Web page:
In power plants, the condenser section plays an important role in total thermal efficiency. Extensive considerations by researchers are put toward increasing the heat dissipation efficiency while maintaining low cost and water consumption. One way to archive such situation is to consider replacing the water cooled condenser (WCC) with an air cooled condenser (ACC), but resulting in a significant increase in the condenser size due to the relatively low heat transfer coefficient (HTC = 20–50 W/m2K) of the air compared to that of the water. Inspired by the phase change heat transfer of water during the perspiration of mammals, a sweating boosted air cooling approach is proposed herein to dramatically increasing the HTC and minimizing the water consumption. In this experimental study, a wind tunnel and distilled water dripping system were used to examine the thermal performance of copper samples with a tested surface area of 2 in by 2 in. Two surface enhancement approaches were adapted herein. In the first approach, the testing samples were integrated with microchannels, copper woven meshes (200 meshes/in) that were sintered on top of the surface, and finally nanostructures that was synthesized by a hot alkaline oxidation process. In the second approach, the tested samples were coated with TiO2 via an atomic layer deposition (ALD) process.
This method allows for rapidly spreading of the dripping water droplets over the whole tested surface. This rapid spreading behavior is due to two main reasons, first the low resistance flow of microchannel which delivered the water globally; second the high capillary pressure generated by the micro-/nano-structures which delivered the water locally. Three different flat-surface samples were developed in this study, as flat surface with sintered copper meshes (design A), grooved surface with sintered copper meshes (design B); and grooved surface with sintered copper meshes coated with ALD TiO2 film (design C).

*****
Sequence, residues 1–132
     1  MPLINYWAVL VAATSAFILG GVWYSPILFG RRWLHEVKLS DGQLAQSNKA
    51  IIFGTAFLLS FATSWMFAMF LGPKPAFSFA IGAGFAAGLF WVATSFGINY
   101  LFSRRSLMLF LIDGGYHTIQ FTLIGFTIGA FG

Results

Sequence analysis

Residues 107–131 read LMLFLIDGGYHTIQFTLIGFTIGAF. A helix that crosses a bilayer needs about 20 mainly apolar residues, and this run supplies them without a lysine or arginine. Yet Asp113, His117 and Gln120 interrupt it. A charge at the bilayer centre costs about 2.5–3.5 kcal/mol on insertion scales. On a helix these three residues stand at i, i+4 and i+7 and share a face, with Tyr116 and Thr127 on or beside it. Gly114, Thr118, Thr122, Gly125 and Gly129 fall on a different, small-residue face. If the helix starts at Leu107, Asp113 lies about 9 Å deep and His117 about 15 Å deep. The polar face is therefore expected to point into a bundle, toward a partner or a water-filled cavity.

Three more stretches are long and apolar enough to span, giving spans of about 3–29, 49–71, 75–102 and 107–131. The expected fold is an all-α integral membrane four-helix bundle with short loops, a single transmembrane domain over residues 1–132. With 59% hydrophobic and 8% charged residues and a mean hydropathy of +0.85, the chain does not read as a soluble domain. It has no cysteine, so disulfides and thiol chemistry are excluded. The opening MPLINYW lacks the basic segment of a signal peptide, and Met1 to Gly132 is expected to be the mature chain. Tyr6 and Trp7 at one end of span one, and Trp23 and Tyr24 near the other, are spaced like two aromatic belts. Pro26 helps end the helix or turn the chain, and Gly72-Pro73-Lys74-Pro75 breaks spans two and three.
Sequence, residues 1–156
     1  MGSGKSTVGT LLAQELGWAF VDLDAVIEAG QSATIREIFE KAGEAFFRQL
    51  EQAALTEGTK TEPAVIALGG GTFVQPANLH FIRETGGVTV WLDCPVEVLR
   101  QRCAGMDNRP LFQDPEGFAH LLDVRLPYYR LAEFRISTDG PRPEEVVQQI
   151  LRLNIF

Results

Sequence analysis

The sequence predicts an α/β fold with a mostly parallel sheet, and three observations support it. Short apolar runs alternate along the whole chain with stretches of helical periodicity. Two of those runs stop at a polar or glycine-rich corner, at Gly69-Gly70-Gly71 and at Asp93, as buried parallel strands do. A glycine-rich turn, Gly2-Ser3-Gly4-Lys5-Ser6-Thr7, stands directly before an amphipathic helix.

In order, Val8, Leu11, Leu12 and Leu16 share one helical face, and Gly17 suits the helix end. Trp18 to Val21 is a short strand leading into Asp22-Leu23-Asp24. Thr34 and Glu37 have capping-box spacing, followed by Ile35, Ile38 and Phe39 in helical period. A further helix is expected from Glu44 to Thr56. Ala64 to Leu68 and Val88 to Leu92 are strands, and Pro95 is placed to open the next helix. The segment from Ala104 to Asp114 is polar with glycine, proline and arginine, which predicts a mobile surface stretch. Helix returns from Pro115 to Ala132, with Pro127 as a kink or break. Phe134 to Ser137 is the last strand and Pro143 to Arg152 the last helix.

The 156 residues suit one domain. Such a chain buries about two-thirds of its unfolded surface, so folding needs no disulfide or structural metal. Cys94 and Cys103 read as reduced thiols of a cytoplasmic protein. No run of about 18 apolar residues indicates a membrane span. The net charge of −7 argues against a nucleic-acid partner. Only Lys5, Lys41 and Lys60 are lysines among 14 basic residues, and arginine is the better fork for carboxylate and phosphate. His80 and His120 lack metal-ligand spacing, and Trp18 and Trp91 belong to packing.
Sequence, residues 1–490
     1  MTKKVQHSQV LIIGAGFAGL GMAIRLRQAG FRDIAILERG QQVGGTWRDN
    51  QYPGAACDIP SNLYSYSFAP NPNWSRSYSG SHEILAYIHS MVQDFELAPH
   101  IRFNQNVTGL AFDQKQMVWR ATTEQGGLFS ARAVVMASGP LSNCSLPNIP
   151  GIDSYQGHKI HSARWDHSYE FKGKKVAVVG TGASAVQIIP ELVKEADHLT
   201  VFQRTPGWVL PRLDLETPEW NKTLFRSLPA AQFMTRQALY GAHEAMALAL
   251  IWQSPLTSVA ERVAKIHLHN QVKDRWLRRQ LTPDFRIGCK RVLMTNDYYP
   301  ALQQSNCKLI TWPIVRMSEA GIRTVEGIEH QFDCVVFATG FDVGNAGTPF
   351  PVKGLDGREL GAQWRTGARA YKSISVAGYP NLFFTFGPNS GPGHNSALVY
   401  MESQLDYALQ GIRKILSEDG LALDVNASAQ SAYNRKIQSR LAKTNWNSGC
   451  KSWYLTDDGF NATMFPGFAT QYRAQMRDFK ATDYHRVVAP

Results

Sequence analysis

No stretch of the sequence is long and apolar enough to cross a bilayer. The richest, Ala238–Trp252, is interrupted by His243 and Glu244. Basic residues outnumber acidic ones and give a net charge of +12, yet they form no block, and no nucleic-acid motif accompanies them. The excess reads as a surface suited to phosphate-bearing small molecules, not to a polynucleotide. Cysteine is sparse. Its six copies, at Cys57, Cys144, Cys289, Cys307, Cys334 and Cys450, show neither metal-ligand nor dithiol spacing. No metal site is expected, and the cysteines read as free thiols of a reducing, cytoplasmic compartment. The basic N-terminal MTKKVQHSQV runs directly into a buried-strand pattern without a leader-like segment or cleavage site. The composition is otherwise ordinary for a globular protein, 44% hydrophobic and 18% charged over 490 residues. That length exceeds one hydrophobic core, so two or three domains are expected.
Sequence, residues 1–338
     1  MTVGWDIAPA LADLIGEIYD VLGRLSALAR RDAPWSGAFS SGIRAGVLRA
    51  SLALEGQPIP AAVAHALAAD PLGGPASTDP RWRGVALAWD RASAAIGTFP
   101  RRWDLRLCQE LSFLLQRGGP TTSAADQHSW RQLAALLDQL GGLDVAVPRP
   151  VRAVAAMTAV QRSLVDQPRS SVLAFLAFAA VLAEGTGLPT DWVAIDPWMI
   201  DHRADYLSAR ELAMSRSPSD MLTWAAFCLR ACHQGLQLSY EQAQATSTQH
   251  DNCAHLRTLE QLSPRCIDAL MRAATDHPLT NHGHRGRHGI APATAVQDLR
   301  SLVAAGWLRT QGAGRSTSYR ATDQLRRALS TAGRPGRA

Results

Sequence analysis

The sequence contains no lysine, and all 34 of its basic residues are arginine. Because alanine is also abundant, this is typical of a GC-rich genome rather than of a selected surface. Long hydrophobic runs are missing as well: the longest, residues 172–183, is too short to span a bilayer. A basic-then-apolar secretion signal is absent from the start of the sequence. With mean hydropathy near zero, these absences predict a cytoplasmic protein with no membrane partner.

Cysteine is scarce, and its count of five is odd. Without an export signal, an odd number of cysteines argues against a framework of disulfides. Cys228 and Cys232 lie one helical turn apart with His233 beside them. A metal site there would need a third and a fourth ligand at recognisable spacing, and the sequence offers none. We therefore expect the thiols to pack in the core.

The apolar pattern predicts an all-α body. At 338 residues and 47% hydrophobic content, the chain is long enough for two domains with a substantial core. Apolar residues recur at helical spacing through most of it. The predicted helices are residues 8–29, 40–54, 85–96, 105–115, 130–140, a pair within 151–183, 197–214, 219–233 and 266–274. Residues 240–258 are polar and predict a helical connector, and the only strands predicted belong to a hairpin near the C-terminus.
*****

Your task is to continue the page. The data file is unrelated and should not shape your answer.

The performance of the surfaces of this approach was quantitatively characterized with the wick testing. The heat transfer performances for all samples were also examined. The experimental results showed that the convection heat transfer plays a limited role in the heat dissipation. In addition, HTC was enhanced by increasing the dripping water rate consumption until the surface reached the flooding condition. The results showed that the evaporation rate of water was augmented with the increase of Reynolds number. The maximum HTC was 182.45 W/m2K with a water dripping rate of 12 ml/h, resulting in an enhancement approximately 214.07% compared to the case without water dripping. Further research on a higher HTC requires an optimized combination of Reynolds number and water consumption.